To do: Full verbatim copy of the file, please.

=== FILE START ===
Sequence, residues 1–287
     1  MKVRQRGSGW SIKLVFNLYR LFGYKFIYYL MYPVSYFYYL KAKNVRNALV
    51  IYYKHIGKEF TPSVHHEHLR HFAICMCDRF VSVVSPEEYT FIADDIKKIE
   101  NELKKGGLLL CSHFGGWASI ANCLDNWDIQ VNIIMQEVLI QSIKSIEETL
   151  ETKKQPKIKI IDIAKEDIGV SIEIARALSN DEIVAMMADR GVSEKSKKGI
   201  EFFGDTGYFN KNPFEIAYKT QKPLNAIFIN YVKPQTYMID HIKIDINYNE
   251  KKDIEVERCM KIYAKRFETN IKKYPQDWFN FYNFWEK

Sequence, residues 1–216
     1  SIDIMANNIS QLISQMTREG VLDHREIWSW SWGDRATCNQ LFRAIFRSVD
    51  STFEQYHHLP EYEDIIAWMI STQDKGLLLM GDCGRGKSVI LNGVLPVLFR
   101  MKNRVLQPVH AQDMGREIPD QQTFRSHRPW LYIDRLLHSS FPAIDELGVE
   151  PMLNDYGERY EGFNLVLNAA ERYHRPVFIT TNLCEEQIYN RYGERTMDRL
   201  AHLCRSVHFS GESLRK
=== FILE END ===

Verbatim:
Sequence, residues 1–287
     1  MKVRQRGSGW SIKLVFNLYR LFGYKFIYYL MYPVSYFYYL KAKNVRNALV
    51  IYYKHIGKEF TPSVHHEHLR HFAICMCDRF VSVVSPEEYT FIADDIKKIE
   101  NELKKGGLLL CSHFGGWASI ANCLDNWDIQ VNIIMQEVLI QSIKSIEETL
   151  ETKKQPKIKI IDIAKEDIGV SIEIARALSN DEIVAMMADR GVSEKSKKGI
   201  EFFGDTGYFN KNPFEIAYKT QKPLNAIFIN YVKPQTYMID HIKIDINYNE
   251  KKDIEVERCM KIYAKRFETN IKKYPQDWFN FYNFWEK

Sequence, residues 1–216
     1  SIDIMANNIS QLISQMTREG VLDHREIWSW SWGDRATCNQ LFRAIFRSVD
    51  STFEQYHHLP EYEDIIAWMI STQDKGLLLM GDCGRGKSVI LNGVLPVLFR
   101  MKNRVLQPVH AQDMGREIPD QQTFRSHRPW LYIDRLLHSS FPAIDELGVE
   151  PMLNDYGERY EGFNLVLNAA ERYHRPVFIT TNLCEEQIYN RYGERTMDRL
   201  AHLCRSVHFS GESLRK